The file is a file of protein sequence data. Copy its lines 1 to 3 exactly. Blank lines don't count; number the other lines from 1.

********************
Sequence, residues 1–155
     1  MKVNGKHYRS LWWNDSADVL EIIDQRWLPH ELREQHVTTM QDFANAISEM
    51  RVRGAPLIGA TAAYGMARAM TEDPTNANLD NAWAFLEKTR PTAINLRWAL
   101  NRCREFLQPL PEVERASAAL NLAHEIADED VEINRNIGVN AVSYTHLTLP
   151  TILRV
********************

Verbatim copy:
Sequence, residues 1–155
     1  MKVNGKHYRS LWWNDSADVL EIIDQRWLPH ELREQHVTTM QDFANAISEM
    51  RVRGAPLIGA TAAYGMARAM TEDPTNANLD NAWAFLEKTR PTAINLRWAL